This food truck review isn’t actually a food truck review.
Then again, you could say the subject is any food truck you want it to be about — as long as the truck is one of the many on the schedule at County Fare, a food truck venue in Durham that opened in April.
Think of it as a sort of permanent food truck rodeo, where two or three vendors (sometimes more on weekends) sell their savory wares every day of the week, except Monday and Tuesday, when County Fare is closed. The October calendar alone was loaded with a varied assortment of longtime favorites (Chirba Chirba, American Meltdown, Cousins Maine Lobster) and tantalizing newcomers (Soul Fresh Spring Rolls, Succotash, Mel’s Many Minis).
In the unlikely event that none of these strikes your fancy — or if you happen to be there on a weekend afternoon between the lunch and dinner food truck shifts — be advised that County Fare is also a restaurant worth paying a visit in its own right.
Sign Up and Save
Get six months of free digital access to The Herald Sun
Especially if you’re craving a funnel cake. That’s just one of the options on a menu that takes its cue from the restaurant’s name, which in turn is a nod to the amusement park that once stood at the site of the Lakewood Shopping Center parking lot where County Fare is located.
The Italian sausage, peppers and onions sandwich, for one, features a succulent, flavor-packed sweet and spicy sausage that’s custom-blended to County Fare’s own recipe. The Philly cheesesteak serves up an authentically messy muddle of grilled sirloin, peppers, onions and your choice of American or Provolone on Philadelphia’s famous Amoroso rolls.
Richard Savarino, who owns County Fare with twin brother, Peter, and business partners Steve Frasher and Gil Scharf, explains that the Philly cheesesteak is the result of family visits to every noteworthy sandwich shop in and around Philadelphia. I’m happy to confirm that their research paid off big time.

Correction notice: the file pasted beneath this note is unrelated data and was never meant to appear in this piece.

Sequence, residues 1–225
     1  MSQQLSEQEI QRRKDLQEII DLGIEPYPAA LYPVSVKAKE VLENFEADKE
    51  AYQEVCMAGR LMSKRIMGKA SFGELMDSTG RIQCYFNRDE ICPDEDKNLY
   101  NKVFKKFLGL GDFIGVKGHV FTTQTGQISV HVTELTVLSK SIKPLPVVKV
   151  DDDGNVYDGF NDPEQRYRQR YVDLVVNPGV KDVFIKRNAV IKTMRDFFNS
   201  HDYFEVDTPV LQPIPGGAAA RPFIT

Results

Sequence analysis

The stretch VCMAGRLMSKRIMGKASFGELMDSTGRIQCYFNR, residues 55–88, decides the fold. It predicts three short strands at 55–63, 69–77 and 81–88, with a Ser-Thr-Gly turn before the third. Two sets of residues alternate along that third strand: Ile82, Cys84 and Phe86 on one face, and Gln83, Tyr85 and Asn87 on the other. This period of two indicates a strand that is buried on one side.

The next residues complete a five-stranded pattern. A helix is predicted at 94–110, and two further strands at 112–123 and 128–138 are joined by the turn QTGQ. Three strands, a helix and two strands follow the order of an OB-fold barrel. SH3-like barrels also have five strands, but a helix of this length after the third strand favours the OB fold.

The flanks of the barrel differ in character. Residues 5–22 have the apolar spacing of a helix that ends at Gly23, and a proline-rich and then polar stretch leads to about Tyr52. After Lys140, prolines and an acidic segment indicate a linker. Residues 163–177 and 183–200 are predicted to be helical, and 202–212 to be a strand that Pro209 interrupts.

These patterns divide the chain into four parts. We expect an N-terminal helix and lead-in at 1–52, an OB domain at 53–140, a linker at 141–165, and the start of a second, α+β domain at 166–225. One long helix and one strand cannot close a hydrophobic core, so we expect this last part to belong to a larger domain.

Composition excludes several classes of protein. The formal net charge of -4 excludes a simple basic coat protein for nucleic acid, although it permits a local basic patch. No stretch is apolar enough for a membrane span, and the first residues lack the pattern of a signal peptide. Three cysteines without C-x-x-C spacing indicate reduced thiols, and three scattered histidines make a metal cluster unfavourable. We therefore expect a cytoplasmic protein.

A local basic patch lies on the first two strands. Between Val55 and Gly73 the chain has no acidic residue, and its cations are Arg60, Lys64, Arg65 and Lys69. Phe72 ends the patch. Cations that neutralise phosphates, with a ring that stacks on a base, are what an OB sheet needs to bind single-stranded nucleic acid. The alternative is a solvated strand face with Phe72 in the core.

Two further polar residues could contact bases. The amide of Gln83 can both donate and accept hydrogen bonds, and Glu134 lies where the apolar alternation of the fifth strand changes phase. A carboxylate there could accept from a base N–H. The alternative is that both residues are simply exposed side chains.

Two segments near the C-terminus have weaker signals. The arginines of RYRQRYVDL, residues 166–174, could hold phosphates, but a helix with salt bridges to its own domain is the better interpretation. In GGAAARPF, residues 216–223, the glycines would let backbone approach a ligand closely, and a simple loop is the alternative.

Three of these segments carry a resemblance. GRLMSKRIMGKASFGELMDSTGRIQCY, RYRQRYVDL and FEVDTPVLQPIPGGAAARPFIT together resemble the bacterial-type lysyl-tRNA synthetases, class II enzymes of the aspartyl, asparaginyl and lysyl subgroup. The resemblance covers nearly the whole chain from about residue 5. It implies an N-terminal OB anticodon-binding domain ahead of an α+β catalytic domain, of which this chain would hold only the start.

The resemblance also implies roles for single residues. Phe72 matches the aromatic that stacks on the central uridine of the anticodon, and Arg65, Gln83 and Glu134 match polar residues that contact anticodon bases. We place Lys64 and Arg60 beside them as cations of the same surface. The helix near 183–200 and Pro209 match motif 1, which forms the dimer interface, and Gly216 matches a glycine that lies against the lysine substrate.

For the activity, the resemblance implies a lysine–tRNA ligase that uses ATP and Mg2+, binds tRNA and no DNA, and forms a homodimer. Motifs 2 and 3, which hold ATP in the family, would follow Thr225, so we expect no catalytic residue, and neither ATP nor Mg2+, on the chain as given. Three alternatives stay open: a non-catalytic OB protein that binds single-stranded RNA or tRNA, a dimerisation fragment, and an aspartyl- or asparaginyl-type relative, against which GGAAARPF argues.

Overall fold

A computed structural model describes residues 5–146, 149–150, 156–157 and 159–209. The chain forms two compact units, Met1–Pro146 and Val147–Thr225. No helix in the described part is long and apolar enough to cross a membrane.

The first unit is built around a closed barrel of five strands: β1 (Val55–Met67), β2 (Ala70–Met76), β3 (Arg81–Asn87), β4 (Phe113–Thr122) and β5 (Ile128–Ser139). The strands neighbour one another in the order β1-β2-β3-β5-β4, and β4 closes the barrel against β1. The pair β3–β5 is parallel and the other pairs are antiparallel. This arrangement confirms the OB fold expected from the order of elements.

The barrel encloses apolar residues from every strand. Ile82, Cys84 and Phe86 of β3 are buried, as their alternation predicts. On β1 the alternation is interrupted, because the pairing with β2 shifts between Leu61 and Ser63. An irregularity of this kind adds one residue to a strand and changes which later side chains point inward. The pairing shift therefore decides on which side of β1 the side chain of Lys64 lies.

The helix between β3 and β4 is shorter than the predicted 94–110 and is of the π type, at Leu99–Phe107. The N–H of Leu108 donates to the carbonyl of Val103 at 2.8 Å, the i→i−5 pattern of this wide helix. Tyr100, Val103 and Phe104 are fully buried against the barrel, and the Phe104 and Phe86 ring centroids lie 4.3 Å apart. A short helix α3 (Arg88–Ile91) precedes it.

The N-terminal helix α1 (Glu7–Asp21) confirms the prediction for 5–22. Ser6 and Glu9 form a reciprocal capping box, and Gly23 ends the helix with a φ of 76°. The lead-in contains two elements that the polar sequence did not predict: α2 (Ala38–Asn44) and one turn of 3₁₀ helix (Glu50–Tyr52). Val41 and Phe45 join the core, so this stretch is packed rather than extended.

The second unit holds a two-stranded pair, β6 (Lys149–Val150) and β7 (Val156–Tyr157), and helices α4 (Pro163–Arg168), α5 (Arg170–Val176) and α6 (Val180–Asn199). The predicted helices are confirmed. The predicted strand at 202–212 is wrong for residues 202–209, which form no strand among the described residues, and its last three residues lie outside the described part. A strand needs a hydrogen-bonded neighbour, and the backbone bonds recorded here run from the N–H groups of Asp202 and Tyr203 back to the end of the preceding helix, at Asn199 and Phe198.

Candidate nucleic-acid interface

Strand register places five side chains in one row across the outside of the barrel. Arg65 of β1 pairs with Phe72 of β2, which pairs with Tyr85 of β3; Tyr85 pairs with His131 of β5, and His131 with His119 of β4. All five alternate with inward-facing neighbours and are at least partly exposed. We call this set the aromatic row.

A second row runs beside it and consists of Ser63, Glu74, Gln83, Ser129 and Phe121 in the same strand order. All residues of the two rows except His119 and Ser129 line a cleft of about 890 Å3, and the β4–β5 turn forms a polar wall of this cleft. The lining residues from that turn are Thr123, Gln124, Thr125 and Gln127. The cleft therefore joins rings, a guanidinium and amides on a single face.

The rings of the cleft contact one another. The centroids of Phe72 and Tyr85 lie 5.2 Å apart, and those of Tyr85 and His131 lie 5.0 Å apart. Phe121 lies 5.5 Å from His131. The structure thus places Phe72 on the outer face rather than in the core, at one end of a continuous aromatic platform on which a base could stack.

By all means, add a side of hand-cut fries to your sandwich order. Better yet, spring for a large basket of garlic and rosemary fries, topped with a pecorino romano cheese blend. And if you’re still reminiscing about the State Fair, forget the cardiologist and spring for an order of the best fried cheese curds you’ll find this side of the Wisconsin state line.
Whether you get your meal from a food truck or the County Fare kitchen — or, what the heck? a little of each — it won’t take long to discover that food is by no means the only attraction. There’s seating for 150 in the big red barn, and another 200 (some sheltered) outside. There’s ample parking and a large open space where kids of all ages can burn off the calories of corn dogs and fried Twinkies playing corn hole, bocce and Giant Jenga.
And there’s beer — an exceptionally well-curated offering of 30 on tap (including a handful of ciders), plus many more in cans. The draft brews are dispensed by a system that fills the glass from the bottom up. It’s mesmerizing to watch, and makes for minimal spillage and a speedy pour.
You’ll appreciate that speedy pour on weekends, when the place is bustling. You’ll also be impressed by how quickly your pager goes off to tell you your food is ready, given the crowd of people enjoying themselves all around you. With a little imagination, you might even feel like you’re back at the State Fair.
▪ 1920 Chapel Hill Road, Durham. 984-219-1875 or countyfaredurham.com
▪ Open Wednesday-Thursday, 4 to 10 p.m., Friday, 4 to 11 p.m., Saturday, 11 a.m. to 11 p.m., Sunday, 11 a.m. to 8 p.m. Check website for food truck calendar. No pets allowed.